Ho99o9 Ho99o9
Ho99o9 Ho99o9
Ho99o9 Ho99o9

“Give the People Something Crazy, Loving and Brutal!” - Ho99o9

August 10, 2016
Text by Luca Fuchs

Ho99o9 give mind-opening answers on how to become a movement for freaks and hardcore kids, how their ideal movie script looks like and how to entertain an audience. Luca Fuchs pictured their almost spiritual aura.

Ho99o9 combine rap, punk and metal to a powerful sound-mayhem. The genre knowledge of the New Jersey duo and their love for cinematic horoscopic images provide the background for their live shows and video footage. Before the curtain rose for the Ho99o9-show in Vienna’s fluc, Luca Fuchs got some close-ups capturing their almost spiritual aura.

Both of you were founding fathers of NJstreetKLAN - a performing art collective from New Jersey. Could you tell us a little about the idea behind it? How does this background still influence the band? 

TheOGM: The idea, concept, lifestyle, way of living was simply to help promote the artists coming from New Jersey at the time. We had to go to New York for cool shit, like shows. We had it there in New Jersey too, just no one was putting it together in a way everyone could see, hear, feel us. A platform for us and others. We started putting together shows, parties, art shows, pop ups and such. It then became a movement, a melting pot, where hardcore kids, hood niggas, squares, freax, skaters could come and hang amongst one another and it was ok - shout out to Salomon, who let us be free. Submerged became the home to us and everyone who was there for that time. This collective, being a Haitian/American black man in America, my niggas and my upbringing are my influences.


You guys created a macabre universe around yourselves, where the horror genre seems to play a big role. What are your cinematic influences?

TheOGM: Devils Rejects (Rob Zombie), Texas Chain Saw Massacre (2003 w/Jessica Biel), Death Proof , just about all of Quentin Tarantino’s films… and so on.

Yeti 999: Every Hell Raiser.

If you’d be asked to score a movie scene: what would happen in it ideally? 

TheOGM: Well it’s not up to me to tell you what is happening. The director makes the film, I create the sounds.

Yeti 999: I would be this badass dude from Detroit with a trench coat and long braids who walks around with a gold shotgun under his coat, stopping crime and committing them, all for the better. My name would be “Ox”, standing at 6’2, built like an engine, complete wrong person to fuck with, and he has a pet kitten named psycho.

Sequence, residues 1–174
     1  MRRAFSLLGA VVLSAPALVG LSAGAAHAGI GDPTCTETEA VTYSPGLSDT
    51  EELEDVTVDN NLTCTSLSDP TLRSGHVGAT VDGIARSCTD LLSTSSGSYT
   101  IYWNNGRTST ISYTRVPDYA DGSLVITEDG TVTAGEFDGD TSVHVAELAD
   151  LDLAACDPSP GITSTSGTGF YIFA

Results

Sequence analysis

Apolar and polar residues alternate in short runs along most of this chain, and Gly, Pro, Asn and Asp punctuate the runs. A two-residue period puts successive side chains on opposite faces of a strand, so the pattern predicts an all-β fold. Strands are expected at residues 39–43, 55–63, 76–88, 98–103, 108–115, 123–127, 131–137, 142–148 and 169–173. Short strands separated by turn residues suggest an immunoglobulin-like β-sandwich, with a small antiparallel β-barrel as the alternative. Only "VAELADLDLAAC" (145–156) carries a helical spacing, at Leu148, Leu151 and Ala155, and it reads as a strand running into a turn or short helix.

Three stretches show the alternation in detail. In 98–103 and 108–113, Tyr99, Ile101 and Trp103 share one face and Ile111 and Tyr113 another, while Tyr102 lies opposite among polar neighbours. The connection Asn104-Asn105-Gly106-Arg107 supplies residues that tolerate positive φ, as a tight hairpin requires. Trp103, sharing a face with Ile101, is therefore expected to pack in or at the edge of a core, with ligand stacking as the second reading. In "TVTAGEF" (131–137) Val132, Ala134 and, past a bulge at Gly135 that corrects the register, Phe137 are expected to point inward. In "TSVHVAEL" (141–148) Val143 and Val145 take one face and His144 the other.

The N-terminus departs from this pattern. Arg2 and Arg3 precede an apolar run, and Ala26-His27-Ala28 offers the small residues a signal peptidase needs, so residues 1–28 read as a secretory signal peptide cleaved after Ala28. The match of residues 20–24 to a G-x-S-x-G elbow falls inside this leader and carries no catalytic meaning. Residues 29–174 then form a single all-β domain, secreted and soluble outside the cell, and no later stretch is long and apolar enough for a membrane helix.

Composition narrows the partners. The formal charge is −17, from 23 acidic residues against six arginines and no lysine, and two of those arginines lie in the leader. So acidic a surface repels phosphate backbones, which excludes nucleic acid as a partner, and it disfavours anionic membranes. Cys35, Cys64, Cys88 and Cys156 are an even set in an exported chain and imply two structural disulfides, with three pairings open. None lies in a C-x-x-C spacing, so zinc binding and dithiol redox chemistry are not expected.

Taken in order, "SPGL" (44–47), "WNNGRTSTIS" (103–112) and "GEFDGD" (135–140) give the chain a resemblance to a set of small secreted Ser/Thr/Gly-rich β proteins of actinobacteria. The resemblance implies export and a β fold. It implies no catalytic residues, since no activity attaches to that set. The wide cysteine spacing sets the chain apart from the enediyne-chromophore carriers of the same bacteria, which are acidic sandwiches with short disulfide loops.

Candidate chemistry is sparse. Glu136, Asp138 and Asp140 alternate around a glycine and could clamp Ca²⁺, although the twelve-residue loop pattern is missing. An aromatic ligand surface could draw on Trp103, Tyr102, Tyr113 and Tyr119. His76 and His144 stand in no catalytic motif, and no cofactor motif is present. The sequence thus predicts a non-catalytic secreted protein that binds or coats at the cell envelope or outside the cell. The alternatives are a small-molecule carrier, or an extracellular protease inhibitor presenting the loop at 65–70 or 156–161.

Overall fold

Anger seems to be the driving emotion in your music. 

What makes you angry in real life? 

TheOGM: Dumb ass questions, stinky pussy, cop terrorists, a bad cook, roaches, waiting to shit and finding out there ain’t no toilet paper and lazy mothafuckas.

Yeti 999: Racist human beings, crooked cops, people who park their car and take up two spaces and the San Antonio Spurs.

Since performance plays such a central role for you: what kind of behaviour gets the most out of an audience? And what has been your most extreme audience reaction so far?

TheOGM: They just want energy. The most extreme is yet to come.

Yeti 999: They want to be entertained, want something to go back to their friends and family and say, “This is something I’ve never witnessed before!” You have to give the people something new and fresh and exciting and happy and sad and insane and crazy and loving and brutal.

Text and photos by Luca Fuchs


PW-Magazine is a Vienna-based online magazine for contemporary culture. By giving voice to a wide array of cutting-edge personas in art and culture, the magazine promotes diversity and a broad mix of artistic expression. The editorial team is tasked not only with reflecting current cultural production, but also with creating new visual content. The platform works with open structures and attaches great importance to collaborations that create new links between cultural creators and the public.
PW-Magazine was founded in May 2016 by Christian Glatz and Phil Koch.




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